Food historians believe that the origins of carrot cake date back to the European Middle Ages. Carrots were used in place of costly sugar to make sweet – (ish) puddings and tarts etc.
There was a revival of interest in carrot cake during WWII in the UK, when rationing again made sugar a scarce commodity. As for Australia, well there was mention of it in the 1930s. Here is a recipe published in Perth’s Sunday Times in 1934.
Note the boiling of the carrots. There was a lot of boiling going on in those days. 😨
Here is a recipe fifty years later from The Australian Women’s Weekly. Naturally they assumed everyone would know what a lamington tin was.
Carrot cake really took off in Australia with the arrival of our cafe culture, and is surely one of the most popular accompaniments to a cup of coffee.
I took this phot0 of my associate Editor Des with a slice of carrot cake at the NSW State Library cafe in 2014. Yes, it’s very traditional, with soft lemon icing.
Ten years later the same cafe’s carrot cake has evolved into a round, stand alone cake with a fancy petal decoration . Very pretty indeed. However it was a bit dense. Also, the icing was too thick and not lemony enough.
I think I detect a trend. On the same day I went to the cafe at the Museum of Modern Art down by Circular Quay where another little work of art arrived. Perfectly placed dollops of cream topped with citrus rind and pumpkin seeds. This time the individual cake was gluten free. As I feared, it was a bit heavy, but too nice to share with my companion so I didn’t mention those two forks.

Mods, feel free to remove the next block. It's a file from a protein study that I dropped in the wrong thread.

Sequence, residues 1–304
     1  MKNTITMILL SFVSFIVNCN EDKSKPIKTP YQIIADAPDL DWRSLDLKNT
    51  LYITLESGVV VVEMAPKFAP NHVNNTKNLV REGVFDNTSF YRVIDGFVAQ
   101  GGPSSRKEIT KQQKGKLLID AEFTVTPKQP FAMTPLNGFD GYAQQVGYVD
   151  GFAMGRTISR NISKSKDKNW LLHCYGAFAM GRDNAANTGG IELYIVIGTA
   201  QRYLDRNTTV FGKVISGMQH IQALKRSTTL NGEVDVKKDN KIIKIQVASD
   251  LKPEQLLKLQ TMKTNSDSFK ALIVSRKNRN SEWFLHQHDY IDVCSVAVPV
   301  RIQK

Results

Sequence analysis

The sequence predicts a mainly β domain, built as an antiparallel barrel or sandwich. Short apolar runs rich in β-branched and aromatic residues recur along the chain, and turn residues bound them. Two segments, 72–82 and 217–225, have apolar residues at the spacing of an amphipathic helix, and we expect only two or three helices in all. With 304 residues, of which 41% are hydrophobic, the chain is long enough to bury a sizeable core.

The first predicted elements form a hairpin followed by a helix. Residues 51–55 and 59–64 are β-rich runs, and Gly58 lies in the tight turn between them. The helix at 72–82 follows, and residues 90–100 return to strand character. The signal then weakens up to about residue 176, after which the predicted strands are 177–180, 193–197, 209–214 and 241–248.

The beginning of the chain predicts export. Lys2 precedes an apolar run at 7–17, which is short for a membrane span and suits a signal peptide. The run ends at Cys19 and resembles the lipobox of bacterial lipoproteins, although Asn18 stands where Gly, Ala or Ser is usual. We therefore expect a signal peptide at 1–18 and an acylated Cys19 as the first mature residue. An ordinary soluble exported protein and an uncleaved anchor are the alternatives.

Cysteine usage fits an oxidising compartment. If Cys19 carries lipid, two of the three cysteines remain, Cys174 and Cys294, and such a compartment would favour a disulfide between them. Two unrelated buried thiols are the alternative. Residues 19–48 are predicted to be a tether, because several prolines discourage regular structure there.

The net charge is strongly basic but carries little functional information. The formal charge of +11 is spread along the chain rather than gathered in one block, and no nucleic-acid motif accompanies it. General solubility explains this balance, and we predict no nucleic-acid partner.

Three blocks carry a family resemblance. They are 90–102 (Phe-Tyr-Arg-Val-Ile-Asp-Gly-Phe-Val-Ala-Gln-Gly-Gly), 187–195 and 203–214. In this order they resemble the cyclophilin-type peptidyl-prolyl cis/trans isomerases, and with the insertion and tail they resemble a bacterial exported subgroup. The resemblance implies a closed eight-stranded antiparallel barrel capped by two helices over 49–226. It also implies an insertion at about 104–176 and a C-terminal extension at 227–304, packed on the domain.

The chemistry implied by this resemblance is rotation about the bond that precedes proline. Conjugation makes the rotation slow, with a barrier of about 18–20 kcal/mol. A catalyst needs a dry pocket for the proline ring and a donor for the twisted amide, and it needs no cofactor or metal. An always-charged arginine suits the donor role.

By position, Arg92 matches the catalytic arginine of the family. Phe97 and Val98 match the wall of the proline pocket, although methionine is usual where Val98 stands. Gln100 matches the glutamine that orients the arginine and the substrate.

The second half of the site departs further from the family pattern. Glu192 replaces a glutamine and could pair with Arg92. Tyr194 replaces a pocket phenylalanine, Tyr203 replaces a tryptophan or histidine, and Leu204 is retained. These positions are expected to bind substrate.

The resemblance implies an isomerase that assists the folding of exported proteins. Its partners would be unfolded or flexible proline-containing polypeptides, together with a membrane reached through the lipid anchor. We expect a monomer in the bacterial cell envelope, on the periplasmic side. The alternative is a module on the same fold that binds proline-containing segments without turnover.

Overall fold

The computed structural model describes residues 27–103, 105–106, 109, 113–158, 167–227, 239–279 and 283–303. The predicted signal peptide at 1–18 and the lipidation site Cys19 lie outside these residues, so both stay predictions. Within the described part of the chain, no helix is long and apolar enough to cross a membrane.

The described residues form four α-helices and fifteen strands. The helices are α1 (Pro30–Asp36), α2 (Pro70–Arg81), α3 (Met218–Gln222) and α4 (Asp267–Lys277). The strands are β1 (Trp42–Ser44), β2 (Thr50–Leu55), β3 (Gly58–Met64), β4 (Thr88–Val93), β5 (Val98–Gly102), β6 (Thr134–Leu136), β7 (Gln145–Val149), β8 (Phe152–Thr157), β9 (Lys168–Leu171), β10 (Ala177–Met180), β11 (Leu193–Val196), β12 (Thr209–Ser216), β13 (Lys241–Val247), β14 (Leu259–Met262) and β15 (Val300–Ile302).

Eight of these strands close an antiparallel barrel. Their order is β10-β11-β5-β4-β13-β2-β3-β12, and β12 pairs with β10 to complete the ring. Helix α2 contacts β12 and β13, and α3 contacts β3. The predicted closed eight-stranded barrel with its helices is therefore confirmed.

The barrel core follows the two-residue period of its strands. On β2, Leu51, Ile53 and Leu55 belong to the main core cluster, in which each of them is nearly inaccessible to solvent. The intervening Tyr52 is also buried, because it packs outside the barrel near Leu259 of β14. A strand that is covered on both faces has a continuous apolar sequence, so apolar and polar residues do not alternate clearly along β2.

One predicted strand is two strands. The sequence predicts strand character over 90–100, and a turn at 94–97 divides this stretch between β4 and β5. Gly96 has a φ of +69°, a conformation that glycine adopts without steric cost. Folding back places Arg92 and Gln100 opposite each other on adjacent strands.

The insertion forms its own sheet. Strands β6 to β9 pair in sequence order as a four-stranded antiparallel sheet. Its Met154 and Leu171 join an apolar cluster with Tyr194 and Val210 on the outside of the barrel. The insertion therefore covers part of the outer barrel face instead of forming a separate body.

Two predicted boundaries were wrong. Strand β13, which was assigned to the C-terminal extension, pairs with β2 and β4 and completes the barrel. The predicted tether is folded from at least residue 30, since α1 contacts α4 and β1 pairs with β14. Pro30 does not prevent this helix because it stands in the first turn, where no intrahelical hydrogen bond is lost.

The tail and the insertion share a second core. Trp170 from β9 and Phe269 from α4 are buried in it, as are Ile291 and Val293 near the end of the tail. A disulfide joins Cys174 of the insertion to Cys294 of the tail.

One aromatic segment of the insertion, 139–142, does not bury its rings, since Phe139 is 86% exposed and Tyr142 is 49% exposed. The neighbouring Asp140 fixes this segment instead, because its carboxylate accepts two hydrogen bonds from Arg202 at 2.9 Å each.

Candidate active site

The Victorian Agricultural Shows Association run an annual competition to find the best carrot cake cook. All entrants must use the same recipe. Wow….crushed pineapple, I didn’t expect that.
The 2023 winner was Sandra Weber.
MY OWN WINNER IN THE CARROT CAKE STAKES
Well, I have to say that the best carrot cake I’ve ever tasted was in the UK. It was at the Goring Riverside Tearoom, where my partner and I took a break while walking the Thames Path in 1996. I described it in my book All Along the River as ‘…moist, open textured, seeded with currants and slathered in tangy lemon butter’. Unfortunately the lovely lady declined to share the recipe with me because she was afraid rival teashops might get their hands on it. She was quite elderly at the time, so I’m sure she is no longer there. However, the tearoom still exists and maybe that secret recipe has been passed down to the current owners.